• Cost – The average cost for an NFL ticket is now over $100. When you factor in parking costs, concessions and merchandise, you can buy a decent flat screen TV for what it costs to take a family of four to an NFL game.
  • Increased competition – When you boil sports attendance down to its core, it’s a form of entertainment. Which means, competition comes from anything that could fill your leisure time. If I’m watching a game and it’s no longer competitive, I can easily turn on a new Netflix show or fire up a video game. Until the human race solves teleportation, it won’t be that easy to leave the stadium. 

Meanwhile, the in-venue experience hasn’t changed much, if at all. Especially if your favorite team hasn’t upgraded its facilities in several decades (some MLB stadiums for example). Sure a team may introduce a new fan feature that gains popularity (Love this) but with the exception of new gameday technologies (mobile ticketing, mobile ordering, social feeds) aimed at removing frictions, when I watch a game at Yankee Stadium today, there’s not much difference from when I watched there as a child**. 

Now there will always be an appetite to attend games, particularly from die hard fans. I’m not arguing that the at-home experience will ever become so amazing that stadiums are ultimately left empty. But teams rely heavily on people who only attend a handful of games a year to fill seats. If these casual fans no longer see the appeal of heading to the stadium or don’t want to pony up the high price tag, the entire ticketing industry takes a massive hit.

I get it. Sports properties selling tickets face a serious threat from the couch. What’s the fix out there?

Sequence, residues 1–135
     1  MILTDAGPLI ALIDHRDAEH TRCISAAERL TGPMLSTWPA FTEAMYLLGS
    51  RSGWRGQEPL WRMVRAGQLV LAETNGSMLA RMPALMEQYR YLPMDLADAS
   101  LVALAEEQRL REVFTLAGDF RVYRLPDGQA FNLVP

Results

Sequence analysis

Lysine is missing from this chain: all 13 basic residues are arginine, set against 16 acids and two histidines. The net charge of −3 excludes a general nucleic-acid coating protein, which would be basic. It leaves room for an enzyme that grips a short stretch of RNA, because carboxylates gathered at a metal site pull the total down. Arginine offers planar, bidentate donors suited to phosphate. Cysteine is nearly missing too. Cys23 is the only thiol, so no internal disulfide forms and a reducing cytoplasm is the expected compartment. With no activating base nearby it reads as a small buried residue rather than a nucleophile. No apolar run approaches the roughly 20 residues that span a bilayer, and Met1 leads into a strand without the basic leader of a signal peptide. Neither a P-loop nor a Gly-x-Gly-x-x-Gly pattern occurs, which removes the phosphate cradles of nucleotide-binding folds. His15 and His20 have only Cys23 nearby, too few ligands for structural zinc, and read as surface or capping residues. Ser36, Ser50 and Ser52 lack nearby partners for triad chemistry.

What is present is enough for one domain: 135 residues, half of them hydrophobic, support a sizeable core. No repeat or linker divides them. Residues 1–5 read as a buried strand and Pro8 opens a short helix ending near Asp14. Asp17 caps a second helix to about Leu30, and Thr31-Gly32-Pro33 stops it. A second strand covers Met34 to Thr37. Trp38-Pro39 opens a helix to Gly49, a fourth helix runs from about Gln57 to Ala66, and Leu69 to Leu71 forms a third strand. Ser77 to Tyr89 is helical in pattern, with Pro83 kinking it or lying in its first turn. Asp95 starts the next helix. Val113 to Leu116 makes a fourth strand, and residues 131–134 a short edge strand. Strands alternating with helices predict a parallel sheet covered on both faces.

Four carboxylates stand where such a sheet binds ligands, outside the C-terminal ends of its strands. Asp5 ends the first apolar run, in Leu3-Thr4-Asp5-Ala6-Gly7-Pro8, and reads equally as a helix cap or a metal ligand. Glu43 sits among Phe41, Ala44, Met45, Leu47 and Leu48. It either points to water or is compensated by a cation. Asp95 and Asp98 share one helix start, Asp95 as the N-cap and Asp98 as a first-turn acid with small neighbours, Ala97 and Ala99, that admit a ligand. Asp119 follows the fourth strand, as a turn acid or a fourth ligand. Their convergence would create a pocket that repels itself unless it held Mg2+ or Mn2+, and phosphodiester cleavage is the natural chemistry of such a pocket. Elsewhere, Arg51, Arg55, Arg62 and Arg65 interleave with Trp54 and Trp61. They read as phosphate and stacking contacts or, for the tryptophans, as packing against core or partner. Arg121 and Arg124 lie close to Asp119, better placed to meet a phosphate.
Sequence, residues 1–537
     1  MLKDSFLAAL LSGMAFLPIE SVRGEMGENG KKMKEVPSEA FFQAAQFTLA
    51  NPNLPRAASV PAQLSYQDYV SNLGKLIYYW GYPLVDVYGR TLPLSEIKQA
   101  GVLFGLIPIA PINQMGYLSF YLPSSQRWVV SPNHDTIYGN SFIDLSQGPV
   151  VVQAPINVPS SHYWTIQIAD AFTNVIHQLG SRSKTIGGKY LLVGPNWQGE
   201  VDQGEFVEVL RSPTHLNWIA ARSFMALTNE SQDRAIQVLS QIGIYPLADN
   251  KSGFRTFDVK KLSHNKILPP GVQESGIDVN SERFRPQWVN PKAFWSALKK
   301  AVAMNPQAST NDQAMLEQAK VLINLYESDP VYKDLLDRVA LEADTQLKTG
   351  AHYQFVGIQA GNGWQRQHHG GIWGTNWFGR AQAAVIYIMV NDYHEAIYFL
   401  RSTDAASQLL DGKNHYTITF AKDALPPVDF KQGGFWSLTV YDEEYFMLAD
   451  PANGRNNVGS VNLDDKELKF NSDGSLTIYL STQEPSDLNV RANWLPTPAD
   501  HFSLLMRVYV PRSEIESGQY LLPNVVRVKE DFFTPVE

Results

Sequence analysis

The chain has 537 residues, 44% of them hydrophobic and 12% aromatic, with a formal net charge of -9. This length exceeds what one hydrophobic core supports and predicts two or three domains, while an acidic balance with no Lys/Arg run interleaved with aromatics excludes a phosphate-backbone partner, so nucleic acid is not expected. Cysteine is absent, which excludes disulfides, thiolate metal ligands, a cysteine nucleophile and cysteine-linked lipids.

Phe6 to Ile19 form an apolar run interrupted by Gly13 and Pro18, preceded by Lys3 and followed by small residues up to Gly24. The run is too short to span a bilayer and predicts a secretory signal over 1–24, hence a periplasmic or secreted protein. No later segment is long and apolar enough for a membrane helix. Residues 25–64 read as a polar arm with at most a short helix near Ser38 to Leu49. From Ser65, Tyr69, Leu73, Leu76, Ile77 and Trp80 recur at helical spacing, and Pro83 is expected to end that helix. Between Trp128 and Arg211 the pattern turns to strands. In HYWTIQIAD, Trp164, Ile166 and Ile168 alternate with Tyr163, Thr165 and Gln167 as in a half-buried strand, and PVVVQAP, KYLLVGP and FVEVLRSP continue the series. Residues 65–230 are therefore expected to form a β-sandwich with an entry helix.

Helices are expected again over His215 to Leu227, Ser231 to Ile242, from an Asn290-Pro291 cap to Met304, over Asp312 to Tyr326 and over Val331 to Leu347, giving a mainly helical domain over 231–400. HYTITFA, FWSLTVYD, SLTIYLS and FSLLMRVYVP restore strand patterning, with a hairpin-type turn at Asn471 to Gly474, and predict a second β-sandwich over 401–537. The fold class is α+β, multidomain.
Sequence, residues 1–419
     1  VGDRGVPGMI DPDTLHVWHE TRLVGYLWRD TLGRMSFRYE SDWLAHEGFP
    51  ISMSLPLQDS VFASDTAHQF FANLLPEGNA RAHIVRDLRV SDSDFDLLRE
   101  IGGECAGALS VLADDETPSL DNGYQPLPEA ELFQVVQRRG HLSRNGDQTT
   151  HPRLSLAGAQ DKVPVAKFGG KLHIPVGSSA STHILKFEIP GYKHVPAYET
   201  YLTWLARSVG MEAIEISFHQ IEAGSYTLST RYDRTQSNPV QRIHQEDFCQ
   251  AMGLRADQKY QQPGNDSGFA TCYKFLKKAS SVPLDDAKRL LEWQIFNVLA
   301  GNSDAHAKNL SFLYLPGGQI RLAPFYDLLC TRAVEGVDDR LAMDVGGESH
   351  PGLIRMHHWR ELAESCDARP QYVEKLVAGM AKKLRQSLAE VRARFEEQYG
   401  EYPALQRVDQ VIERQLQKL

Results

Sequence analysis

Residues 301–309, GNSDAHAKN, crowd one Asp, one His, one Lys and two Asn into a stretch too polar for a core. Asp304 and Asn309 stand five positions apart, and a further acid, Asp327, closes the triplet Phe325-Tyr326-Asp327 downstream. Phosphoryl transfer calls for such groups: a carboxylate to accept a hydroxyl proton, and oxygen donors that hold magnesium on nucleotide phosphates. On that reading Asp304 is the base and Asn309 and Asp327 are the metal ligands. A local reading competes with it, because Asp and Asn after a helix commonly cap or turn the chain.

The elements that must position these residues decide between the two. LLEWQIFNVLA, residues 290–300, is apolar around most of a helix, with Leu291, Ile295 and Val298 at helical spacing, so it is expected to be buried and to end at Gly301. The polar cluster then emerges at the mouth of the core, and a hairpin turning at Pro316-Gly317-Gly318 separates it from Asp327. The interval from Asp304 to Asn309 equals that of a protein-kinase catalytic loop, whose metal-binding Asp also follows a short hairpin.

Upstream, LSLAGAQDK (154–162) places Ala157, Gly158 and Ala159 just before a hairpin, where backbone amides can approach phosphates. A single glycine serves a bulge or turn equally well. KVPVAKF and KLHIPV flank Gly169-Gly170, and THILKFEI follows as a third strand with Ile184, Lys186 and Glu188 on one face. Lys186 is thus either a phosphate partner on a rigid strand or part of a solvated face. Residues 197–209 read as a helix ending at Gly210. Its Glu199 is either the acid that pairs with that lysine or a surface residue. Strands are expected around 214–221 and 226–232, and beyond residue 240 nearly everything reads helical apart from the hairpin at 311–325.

In the previous section, in-person attendance was pitted versus at-home viewing as two possible extremes. But what if there was a middle ground? A way to feel like you are sitting in the stands, cheering with your team but also never leave the couch? 

That’s what Tru-Spot Technologies is betting on. Their virtual fan experience technology has the potential to completely revolutionize ticketing. Using 360-degree cameras, 3D renderings, and bi-directional audio, they can replicate the experience of being in a seat at the game, by providing the same sightlines and crowd audio. A fan receives the benefits of being in person and feeling the electricity only available at a stadium, without having to deal with the hassles like parking, purchasing concessions, etc.

Plus, their technology is not reliant on a virtual reality (VR) headset. I’m bullish on the long-term prospects of VR to deliver immersive experiences especially since the price of the hardware has become significantly more affordable ($200-300 vs >$1,000 three years ago). But I wouldn’t want to wear a clunky headset for a full three hour game just to experience the action. 

With virtual seating, the revenue upside is massive for the sports properties that control distribution. All of a sudden, you’ve created unlimited new digital inventory that can be marketed and sold.